Officials at Procter and Gamble announced Wednesday that they will be closing the company's Kansas City, KS, plant in 2020.
The company told its 280 plants employees that they will be transferring production of their dish care business from the KCK site to a new facility in Tabler Station, WV.
P&G says the move will be complete by mid-2020 with the plant fully closing in late 2020.
"Decisions like this are never easy but we are communicating this decision more than two years in advance to help our employees plan for the future," P&G's Rotha Brauntz aid in a written statement. "We are committed to supporting P&G people through the transition in a manner consistent with our values and principles."
Brauntz says the company plans to negotiate with the local labor union regarding support to help employees transition to opportunities, whether that be transfers to other P&G sites or beyond P&G.
Officials say Wednesday's announcement was the result of a study started in 2013 across P&G's North American supply network to more efficiently and effectively serve retailers and consumers across the country.
"The new site is being master-planned to be a large, multi-category facility much bigger than the Kansas City plant, with strategic suppliers co-located on site, closer to three mega-distribution centers and presenting significant scale opportunities to develop solutions for channels and customers across categories that would not be feasible/cost effective for smaller sites," Brauntz said.
The KCK plant was built in 1905 and produced: Dawn, Gain, Ivory and Joy hand dishwashing detergents.
Kansas City, KS Mayor David Alvey called the decision disappointing, but said he is hopeful a replacement will be found.
“We do have some real positive that we can take out of this," Alvey said. "First of all that it’s a great facility. It could be re-purposed. There’s a demand for manufacturing it’s a great location at 18th and Kansas Avenue, with easy access to I-35, I 70, I-29, obviously 435 - all those different places.”
In a statement from the Unified Government of Wyandotte County, officials in KCK say there was no communication between Procter and Gamble and the county when the business was conducting the study.
Full statement from the UG:The Unified Government received notice from Proctor and Gamble on Tuesday evening that they will be ending production at their Kansas City, Kansas plant in mid-2020. They stated that this decision was based upon an internal study at Proctor and Gamble that sought to identify ways to align their production with their supply chain partners.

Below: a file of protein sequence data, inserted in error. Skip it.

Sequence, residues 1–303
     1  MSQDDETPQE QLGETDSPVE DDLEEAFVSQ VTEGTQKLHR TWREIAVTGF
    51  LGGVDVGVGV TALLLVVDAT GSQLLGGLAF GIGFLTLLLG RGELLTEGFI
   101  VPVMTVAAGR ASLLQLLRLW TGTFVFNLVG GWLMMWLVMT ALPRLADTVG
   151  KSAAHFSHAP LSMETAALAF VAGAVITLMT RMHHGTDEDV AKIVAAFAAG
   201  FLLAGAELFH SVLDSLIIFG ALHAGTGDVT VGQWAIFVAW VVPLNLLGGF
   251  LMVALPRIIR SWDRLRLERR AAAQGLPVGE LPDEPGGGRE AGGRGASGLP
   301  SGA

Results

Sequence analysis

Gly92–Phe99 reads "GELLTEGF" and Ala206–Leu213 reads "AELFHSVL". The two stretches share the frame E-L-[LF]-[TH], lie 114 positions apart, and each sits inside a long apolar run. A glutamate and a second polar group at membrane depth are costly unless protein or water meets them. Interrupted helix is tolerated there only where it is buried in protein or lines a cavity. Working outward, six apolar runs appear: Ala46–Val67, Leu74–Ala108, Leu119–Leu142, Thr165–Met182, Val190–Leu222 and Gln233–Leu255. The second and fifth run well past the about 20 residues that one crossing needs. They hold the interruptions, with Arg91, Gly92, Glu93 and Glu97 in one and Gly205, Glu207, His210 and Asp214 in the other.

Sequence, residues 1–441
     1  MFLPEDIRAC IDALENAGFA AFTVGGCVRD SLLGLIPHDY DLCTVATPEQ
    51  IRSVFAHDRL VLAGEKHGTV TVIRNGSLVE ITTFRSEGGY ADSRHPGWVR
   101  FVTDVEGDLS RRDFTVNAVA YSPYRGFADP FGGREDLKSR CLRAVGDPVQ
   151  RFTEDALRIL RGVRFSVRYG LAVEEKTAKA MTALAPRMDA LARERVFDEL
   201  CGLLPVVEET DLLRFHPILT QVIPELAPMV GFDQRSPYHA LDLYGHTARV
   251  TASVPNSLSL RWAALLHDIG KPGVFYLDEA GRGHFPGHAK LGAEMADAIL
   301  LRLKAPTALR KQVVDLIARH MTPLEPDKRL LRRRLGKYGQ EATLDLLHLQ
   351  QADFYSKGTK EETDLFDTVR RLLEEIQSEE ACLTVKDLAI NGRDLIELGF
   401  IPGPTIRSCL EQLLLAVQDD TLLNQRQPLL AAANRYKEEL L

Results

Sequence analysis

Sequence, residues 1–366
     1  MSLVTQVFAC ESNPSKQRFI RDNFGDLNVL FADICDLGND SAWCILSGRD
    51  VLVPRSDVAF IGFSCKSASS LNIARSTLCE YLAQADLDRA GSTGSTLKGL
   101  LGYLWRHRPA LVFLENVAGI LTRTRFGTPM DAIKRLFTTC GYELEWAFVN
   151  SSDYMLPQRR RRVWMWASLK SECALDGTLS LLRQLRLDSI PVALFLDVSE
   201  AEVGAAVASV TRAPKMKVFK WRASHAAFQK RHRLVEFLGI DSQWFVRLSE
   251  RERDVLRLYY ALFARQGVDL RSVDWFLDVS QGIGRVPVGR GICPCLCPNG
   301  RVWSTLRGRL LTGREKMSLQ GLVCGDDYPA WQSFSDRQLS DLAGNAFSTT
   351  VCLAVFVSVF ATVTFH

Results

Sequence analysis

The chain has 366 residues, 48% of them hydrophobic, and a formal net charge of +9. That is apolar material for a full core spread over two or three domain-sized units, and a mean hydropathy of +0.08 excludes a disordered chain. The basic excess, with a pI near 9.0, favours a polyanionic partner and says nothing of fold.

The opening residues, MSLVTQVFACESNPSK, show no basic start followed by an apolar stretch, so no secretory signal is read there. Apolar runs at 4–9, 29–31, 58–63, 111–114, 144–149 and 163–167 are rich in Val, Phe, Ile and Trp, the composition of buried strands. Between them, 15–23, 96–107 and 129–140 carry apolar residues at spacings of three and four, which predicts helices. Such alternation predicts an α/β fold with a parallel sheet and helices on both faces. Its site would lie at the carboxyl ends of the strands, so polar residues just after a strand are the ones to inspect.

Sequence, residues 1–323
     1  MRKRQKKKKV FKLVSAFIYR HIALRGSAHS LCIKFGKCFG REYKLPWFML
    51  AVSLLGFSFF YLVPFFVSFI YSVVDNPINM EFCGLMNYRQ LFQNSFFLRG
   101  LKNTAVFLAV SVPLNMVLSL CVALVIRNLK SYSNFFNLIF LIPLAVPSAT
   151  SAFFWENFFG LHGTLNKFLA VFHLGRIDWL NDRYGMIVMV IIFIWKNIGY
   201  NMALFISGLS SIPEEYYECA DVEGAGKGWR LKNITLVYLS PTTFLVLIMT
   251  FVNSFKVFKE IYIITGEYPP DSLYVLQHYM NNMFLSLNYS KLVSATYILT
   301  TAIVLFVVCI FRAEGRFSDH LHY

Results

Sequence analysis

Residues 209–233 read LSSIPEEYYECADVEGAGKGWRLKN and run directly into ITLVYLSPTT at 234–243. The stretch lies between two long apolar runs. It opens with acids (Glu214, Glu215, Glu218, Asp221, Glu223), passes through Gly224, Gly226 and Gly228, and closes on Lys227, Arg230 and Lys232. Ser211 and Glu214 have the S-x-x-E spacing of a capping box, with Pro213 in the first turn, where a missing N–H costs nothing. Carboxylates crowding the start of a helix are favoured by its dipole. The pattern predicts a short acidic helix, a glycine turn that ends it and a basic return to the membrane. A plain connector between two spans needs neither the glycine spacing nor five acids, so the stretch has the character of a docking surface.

The Unified Government and the Wyandotte Economic Development Council were not invited, during any part of the Proctor and Gamble study, to assist them in developing solutions in Kansas City, Kansas. The plant has been in operation for 113 years and has provided quality employment to thousands.
We work diligently with our KCK businesses to make certain that we are a great place to do business. We would have done the same for Proctor and Gamble if they would have contacted us. We are encouraged by the fact that this plant is in an excellent location and there is strong demand for manufacturing space in KCK. Unemployment is at an all-time low, and we are a national destination for business growth and attraction.
Finally, we are committed to assisting every one of the 280 employees to find new quality jobs.Brauntz says the decisions will result in the new West Virginia dishwashing plant gaining 200 full-time employees by 2020.
Nathan Mauck, an associate professor of finance at the University of Missouri-Kansas City, said the decision to close the plant would create a "trick down" impact for families.
"They're going to have to find new jobs in town or potentially move," Mauck said. "From there, there’s a lot of other potential impacts. The housing market could be impacted if a large number of people need to relocate, either moving in or out, and definitely all of the businesses and the folks who have part of their livelihoods tied to these businesses as well are impact it.”
Alvey and a company spokesperson says they will do what they can to help workers find new jobs.
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